By Hank Hanegraaff

Today tolerance is being redefined to mean that all views are equally valid and all lifestyles equally appropriate. As such, the notion that Jesus is the only way to God is vilified as the epitome of intolerance. Rather than capitulating to culture, Christians must be equipped to expose the flaws of today’s tolerance, while simultaneously exemplifying true tolerance.

First, to say that all views are equally valid sounds tolerant, but in reality it is a contradiction in terms. If indeed all views are equally valid, then the Christian view must be valid. The Christian view, however, holds that not all views are equally valid. Thus, the redefinition of tolerance in our culture is a self-refuting proposition. Moreover, we do not tolerate people with whom we agree; we tolerate people with whom we dis- agree. If all views were equally valid, there would be no need for tolerance.

Furthermore, today’s redefinition of tolerance leaves no room for objective moral judgments. A modern terrorist could be deemed as virtuous as Mother Teresa. With no enduring reference point, societal norms are being reduced to mere matters of preference. As such, the moral basis for resolving international disputes and condemning such practices as genocide, oppression of women, and child prostitution—that we know intuitively are evil—is being seriously compromised.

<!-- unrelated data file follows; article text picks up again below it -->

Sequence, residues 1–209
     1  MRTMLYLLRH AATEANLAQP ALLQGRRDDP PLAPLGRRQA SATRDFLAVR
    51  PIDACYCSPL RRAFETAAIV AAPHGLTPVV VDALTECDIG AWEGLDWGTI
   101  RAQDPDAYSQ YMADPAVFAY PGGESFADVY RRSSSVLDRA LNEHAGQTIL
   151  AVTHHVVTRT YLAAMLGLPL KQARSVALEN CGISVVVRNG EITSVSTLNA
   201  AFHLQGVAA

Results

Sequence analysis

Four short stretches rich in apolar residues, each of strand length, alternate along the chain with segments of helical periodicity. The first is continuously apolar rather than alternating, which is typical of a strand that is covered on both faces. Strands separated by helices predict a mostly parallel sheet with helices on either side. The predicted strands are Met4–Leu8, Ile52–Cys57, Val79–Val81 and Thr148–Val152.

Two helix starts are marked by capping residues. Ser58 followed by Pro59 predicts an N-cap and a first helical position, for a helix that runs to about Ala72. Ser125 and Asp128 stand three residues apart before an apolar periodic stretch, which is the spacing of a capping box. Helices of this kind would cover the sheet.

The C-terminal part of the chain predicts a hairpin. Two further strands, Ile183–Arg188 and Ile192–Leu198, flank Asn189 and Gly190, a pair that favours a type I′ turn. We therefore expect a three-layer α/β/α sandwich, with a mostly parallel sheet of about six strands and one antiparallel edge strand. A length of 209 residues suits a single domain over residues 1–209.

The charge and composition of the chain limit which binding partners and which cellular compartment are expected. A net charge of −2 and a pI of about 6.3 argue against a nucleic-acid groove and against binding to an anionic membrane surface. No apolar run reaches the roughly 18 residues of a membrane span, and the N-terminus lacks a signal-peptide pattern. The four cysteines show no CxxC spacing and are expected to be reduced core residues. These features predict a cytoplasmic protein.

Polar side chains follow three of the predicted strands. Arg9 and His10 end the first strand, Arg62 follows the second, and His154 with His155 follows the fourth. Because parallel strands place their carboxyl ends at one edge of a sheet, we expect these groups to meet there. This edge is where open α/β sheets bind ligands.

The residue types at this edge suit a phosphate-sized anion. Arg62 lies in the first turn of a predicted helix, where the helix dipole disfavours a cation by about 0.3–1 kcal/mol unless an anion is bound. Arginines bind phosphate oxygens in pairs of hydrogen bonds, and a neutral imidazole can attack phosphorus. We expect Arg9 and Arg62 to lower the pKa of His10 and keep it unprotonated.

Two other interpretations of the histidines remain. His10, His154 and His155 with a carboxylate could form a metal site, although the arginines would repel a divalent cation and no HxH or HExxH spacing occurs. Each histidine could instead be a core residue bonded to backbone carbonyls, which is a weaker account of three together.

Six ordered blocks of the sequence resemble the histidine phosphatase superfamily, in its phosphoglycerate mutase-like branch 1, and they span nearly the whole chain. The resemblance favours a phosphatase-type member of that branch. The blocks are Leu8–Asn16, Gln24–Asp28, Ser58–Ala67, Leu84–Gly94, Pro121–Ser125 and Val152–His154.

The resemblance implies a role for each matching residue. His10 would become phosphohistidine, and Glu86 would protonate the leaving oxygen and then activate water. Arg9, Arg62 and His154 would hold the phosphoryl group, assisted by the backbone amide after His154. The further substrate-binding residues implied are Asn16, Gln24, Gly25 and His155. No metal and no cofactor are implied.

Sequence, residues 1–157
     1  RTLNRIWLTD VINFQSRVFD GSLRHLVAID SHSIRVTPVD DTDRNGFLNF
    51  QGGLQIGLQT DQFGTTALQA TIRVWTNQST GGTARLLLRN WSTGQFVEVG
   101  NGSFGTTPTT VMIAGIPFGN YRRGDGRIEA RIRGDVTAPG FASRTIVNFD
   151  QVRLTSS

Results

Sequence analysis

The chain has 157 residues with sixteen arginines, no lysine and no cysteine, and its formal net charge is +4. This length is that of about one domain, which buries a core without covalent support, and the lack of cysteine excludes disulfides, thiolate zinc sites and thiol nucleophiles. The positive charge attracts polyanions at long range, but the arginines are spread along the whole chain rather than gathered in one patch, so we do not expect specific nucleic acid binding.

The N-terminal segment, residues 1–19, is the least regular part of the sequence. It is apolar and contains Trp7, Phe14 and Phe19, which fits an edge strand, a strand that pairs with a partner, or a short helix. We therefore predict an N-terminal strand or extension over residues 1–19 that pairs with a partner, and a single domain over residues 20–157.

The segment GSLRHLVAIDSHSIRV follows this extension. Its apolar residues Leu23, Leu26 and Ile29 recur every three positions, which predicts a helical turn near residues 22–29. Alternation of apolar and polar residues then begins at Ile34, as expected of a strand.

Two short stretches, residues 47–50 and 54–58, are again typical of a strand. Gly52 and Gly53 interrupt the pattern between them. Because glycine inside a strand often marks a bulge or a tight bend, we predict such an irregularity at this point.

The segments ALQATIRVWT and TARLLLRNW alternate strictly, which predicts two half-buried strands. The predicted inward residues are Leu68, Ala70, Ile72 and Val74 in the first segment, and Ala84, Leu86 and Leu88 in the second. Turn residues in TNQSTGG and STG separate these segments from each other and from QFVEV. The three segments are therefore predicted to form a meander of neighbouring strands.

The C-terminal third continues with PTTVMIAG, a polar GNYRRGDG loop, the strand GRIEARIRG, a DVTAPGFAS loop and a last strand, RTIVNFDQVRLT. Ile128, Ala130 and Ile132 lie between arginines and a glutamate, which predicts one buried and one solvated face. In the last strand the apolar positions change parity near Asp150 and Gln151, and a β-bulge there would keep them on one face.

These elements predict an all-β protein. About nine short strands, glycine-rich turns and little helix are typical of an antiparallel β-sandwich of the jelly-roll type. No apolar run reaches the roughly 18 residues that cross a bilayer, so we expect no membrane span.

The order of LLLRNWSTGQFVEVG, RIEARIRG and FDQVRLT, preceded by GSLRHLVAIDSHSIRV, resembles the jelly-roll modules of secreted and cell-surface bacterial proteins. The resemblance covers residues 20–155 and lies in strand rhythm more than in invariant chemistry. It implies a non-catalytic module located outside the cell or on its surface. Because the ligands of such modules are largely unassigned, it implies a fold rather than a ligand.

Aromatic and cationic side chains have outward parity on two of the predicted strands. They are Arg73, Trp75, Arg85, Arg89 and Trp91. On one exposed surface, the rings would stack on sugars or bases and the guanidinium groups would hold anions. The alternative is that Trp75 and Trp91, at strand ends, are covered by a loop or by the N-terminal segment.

Finally, in light of its philosophically fatal features, Christians must reject today’s tolerance and revive true tolerance. True tolerance demands that, despite our differences, we treat every person we meet with the dignity and respect due them as one created in the image of God. True tolerance does not preclude proclaiming the truth, but it does mandate that we do so with gentleness and respect (cf. 1 Peter 3:15–16). In a world that is increasingly intolerant of Christianity, Christians must exemplify tolerance without sacrificing truth. Indeed, tolerance when it comes to personal relationships is a virtue, but tolerance when it comes to truth is a travesty.

Have mercy on some, who are doubting; save others, snatching them out of the fire; and on some have mercy with fear, hating even the garment polluted by the flesh.

Jude vv. 22–23 NASB

For further study, see Paul Copan, “True for You, But Not for Me”: Deflating the Slogans That Leave Christians Speechless (Minneapolis: Bethany House Publishers, 1998).

**Note the preceding text is adapted from a new Revised and Updated version of The Complete Bible Answer Book that is forthcoming. When available we will update this page with corresponding information. Until then you can still purchase or receive for your partnering gift the current version by clicking here for purchase or here for partnering gift. ***